OK enough from the curmudgeonly bear corner. What do the charts say? At the risk of being wrong again, nothing says "bullish pop" like a daily stochastic buried in oversold. While it may not be a spectacular bull move, the indexes are coming up on major levels of daily support in conjunction with their oversold condition that could cycle us up for the week (though all my thinking and judgment says we sink like a stone).

Here's what we see:

Dow industrial chart - INDU (weekly/daily/60/):

From lat week, I noted that 10,100-10,150 was a level of support that might hold. Looking mighty shaky here now that the Dow is under the 50-dma (magenta line) of 10,212 while the stochastics can't get enough lift to soar into overbought. On the other hand, the lower daily Bollinger band at 10,053, the psychological 10,000 level and the 200-dma of 9950 could be the level of ultimate support for the dailies to pop up for a round of calls.

NASDAQ chart - COMPX (weekly/daily/60/)

Interest in the NASDAQ? None. 1.3 bln shares and virtually no movement bare that out. This has-been of an index needs a shot of adrenaline. Bearish stochastics abound. A bearish wedge can be seen on the daily chart - 1700 floor with declining highs. Has it bottomed yet? Will the stochastic reverse soon or will oscillators oscillate back up to overbought? I can't say for sure. But with oversold stochastics near a level of support, a short-term bullish move could be in store for the not too distant future.

S&P 500 chart - SPX (weekly/daily/60/)

Very bearish here too, but perhaps nearing the end of the down cycle, though frankly, the 1100 level has me focused. SPX is already under the 50 and the 200-dma; every bullish turn on the daily stochastics is met with a lower high - definitely no strength. A close under 1100 would likely set the next level of support at 1080 before we see a bullish reversal.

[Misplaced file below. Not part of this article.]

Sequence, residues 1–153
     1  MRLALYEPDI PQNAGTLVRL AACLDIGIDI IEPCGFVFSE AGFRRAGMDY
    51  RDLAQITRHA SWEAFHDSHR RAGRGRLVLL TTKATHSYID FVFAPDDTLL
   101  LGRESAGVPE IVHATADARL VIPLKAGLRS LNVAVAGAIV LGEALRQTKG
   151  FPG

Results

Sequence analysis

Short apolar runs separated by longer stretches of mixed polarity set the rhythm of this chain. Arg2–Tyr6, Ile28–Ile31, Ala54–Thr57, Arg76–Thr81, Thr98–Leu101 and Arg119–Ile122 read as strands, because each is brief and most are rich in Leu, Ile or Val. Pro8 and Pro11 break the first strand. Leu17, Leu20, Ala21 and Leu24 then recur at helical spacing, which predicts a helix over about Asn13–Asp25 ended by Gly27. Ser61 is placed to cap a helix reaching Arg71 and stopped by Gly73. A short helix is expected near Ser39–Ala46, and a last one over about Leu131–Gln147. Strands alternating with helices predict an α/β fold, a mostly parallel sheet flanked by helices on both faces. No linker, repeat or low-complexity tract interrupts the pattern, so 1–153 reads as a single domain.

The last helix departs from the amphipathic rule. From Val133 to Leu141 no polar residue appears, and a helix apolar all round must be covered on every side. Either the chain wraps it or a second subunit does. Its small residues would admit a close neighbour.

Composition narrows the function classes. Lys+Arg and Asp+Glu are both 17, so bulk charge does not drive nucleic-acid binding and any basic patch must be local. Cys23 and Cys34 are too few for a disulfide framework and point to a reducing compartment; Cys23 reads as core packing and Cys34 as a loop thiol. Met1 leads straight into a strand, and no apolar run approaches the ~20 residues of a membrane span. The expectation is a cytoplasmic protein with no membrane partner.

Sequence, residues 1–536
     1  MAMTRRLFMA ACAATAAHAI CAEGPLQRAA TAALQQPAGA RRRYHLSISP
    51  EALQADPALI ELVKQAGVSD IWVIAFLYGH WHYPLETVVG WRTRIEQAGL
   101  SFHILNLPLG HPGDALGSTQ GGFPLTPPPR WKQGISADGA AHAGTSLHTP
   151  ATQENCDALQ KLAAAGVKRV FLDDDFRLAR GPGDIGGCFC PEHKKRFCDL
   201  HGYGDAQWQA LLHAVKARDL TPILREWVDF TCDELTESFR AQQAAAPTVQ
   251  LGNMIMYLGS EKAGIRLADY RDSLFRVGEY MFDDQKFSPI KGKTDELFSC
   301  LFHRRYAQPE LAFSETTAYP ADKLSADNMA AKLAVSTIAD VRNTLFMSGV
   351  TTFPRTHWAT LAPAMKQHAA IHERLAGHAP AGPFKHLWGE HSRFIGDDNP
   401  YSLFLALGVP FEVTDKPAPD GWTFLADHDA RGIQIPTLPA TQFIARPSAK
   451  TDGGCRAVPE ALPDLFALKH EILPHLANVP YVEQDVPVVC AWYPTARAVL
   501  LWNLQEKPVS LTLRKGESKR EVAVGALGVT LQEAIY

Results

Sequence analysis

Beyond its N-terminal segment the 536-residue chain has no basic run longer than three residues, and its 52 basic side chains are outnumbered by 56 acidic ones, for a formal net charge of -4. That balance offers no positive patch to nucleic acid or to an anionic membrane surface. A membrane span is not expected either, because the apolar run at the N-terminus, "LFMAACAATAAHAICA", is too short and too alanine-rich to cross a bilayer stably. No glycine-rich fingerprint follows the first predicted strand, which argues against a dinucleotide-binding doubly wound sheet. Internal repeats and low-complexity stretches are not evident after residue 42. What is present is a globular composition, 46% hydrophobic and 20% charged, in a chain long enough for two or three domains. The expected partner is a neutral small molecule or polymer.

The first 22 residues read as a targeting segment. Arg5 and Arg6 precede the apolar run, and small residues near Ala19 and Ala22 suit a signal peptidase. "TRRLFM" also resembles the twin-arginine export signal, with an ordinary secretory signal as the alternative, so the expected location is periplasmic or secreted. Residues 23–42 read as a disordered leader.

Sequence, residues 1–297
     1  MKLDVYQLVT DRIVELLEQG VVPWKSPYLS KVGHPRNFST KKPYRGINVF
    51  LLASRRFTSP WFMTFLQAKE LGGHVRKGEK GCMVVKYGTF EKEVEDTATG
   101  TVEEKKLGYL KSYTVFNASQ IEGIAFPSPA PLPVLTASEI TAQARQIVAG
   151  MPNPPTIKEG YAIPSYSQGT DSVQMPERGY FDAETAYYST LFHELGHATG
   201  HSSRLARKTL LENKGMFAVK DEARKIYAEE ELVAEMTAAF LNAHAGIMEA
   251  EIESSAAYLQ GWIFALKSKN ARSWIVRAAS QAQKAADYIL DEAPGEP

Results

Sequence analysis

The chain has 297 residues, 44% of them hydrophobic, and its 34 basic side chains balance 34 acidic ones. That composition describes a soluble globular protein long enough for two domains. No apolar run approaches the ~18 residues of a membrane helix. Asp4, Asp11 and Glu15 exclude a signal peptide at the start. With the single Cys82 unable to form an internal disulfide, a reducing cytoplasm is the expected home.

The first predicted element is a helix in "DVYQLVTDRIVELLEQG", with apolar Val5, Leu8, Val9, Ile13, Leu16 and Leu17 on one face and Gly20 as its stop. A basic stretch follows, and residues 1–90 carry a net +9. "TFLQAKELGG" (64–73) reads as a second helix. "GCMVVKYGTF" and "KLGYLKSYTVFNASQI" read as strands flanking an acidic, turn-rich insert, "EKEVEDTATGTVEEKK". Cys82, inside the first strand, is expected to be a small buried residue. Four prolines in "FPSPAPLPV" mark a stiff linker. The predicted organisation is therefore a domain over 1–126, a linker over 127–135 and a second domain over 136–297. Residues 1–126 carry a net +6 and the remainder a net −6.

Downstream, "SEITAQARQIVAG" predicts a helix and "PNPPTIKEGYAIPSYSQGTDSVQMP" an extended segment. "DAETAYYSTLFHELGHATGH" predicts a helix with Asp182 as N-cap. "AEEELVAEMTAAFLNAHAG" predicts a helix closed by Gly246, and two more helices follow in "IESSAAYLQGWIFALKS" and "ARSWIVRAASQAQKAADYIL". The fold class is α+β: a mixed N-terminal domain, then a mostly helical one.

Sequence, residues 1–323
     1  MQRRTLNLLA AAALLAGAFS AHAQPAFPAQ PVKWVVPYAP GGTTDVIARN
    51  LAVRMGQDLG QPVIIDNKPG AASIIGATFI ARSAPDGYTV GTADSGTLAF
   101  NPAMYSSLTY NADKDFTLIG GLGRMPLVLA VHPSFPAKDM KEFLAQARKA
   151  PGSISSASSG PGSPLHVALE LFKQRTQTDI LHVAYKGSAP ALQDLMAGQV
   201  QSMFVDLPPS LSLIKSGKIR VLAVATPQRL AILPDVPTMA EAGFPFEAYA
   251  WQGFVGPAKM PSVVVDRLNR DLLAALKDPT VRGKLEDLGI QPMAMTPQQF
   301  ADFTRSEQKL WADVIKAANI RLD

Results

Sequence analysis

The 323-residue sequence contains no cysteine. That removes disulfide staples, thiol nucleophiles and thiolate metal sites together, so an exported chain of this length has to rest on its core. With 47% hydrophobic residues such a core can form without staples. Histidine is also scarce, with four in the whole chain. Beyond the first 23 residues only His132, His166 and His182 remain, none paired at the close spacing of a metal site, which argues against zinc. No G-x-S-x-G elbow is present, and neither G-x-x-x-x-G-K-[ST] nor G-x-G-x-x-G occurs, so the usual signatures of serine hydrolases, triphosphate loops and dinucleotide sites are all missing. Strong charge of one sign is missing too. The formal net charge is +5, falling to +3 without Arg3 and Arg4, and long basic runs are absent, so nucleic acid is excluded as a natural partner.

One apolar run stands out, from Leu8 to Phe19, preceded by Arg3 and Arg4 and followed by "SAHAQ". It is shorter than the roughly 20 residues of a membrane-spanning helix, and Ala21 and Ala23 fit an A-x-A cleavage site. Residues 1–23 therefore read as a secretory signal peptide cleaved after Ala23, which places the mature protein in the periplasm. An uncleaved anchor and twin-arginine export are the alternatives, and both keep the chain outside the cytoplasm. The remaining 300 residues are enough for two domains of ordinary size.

Thus there in all three lies the dilemma. Stochastics nearing oversold as the candles approach support vs. still bearish charts. Which way from here? In this period of earnings with bad news already taking its toll on traders (as though a failed recovery is a surprise), one little piece of good news (made up or real) could give us a tradable rally as long as our expectations have already been reduced to "low" over the past two weeks of anticipation. We may be able to take a breath following the blue skin tone as we've held our breath and crossed our collective fingers over the past two weeks that the "recovery" was real. It isn't, but now we know that. And that sets the stage for a "the market already now anticipates the bad news" rally.

We'll see, but I'll be looking at support and a stochastic reversal to go long, but will stick to shorts on an SPX break and close under 1100.

INTC reports tomorrow after the bell and is likely to deliver bad news with their usual positive spin that things will be better next quarter. Right - when pigs fly, but other barnyard animals (sheep) will eat it up anyway. MSFT reports on Thursday. Plenty of others in between. Watch for volumes to remain low and news to move markets. With volatility this low, buying cheap straddles on high profile earnings reporters might the ticket to profits.

See you at the bell